Change. I’ve gotten so tired of that word. Obama used it as his slogan during his campaign for the presidency. People slapped the slogan on their bumper next to their “Coexist” stickers. For me, it has become such an over-used word that it has become ubiquitous and thus lost its meaning nearly altogether.
Now, with the lack of indictments in two admittedly hot-button and controversial for all the wrong reasons grand jury decisions, people are clamoring for “change” in the way police handle situations.
I won’t belabor the part of the argument in which people forget that if they’d simply do as they are legally ordered to do, they can avoid all of this drama in the first place.
No, I will assume that the people who really are curious about how to improve relations will be more like my new friend, Patricia.
In November of 2014, I attended Michael Hyatt‘s Platform Conference. During a breakout session, I made a comment about cops only trusting other cops.
Patricia, a black lady, wanted to know what I meant when I said it. We started to talk and what she was really asking me was much deeper than me explaining my comment. She wanted to know how her community and the police could begin to heal and improve relations. (I was intrigued by her question because she had earlier mentioned she is the author of a book called My First White Friend: Confessions on Race, Love and Forgiveness.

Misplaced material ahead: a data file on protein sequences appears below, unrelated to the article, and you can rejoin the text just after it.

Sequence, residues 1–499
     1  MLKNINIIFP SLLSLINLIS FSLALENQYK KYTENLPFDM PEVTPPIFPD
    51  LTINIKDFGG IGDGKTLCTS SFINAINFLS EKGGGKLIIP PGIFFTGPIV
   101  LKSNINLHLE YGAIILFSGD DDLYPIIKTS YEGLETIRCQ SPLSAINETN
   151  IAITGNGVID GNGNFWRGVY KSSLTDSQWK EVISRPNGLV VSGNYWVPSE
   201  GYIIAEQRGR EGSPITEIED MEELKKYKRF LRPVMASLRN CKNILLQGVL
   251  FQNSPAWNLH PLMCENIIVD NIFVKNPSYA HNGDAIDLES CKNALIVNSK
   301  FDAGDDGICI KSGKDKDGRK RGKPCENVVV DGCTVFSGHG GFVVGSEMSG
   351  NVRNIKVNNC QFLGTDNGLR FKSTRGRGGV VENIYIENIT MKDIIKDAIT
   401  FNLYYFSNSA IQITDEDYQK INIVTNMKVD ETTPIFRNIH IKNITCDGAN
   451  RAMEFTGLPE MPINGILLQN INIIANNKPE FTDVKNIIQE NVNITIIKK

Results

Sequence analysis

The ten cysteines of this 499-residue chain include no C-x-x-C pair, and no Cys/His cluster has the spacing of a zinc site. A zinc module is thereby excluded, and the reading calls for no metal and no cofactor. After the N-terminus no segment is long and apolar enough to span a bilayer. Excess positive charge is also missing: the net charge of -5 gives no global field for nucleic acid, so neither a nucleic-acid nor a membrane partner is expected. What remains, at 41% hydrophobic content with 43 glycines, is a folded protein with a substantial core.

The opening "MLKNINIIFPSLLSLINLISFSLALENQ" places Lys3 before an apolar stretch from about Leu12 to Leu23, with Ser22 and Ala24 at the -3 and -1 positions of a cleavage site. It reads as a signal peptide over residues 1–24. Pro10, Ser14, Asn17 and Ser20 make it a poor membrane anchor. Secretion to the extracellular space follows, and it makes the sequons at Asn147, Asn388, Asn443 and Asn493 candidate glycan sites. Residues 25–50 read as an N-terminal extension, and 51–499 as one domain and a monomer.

I found her non-confrontational, up-front, and sincere approach both honest and endearing.
We agreed that the conference didn’t really allow for us to delve deeper, so we agreed to reconnect later and talk about the kind of change the two of us, a white cop and a black lady, could start.
What follows is a three-part video series I did for Uniform Storie’s Ask Motorcop series that talks about the very change we had alluded to at our conference.
Q1: Do cops only trust other cops?
Q2: What if police treated people with more respect?
Q3: How do we improve police and citizen relations?
Did we solve the world’s ills? Nope.
Did we bring years of racial tension to its knees? Don’t be daft.
Did we start a conversation about how to change for the better? We did.
I hope I changed her mind about what a white police officer is like and how we approach a given situation. I know she has given me plenty to think about when I am interacting with the public.
The bottom line is this: Two American adults with very different life experiences talked about some divisive and touchy subjects without invectives or anger.
If we can change our preconceived notions and sit down with open minds and open hearts, there shouldn’t be a reason others can’t do the same.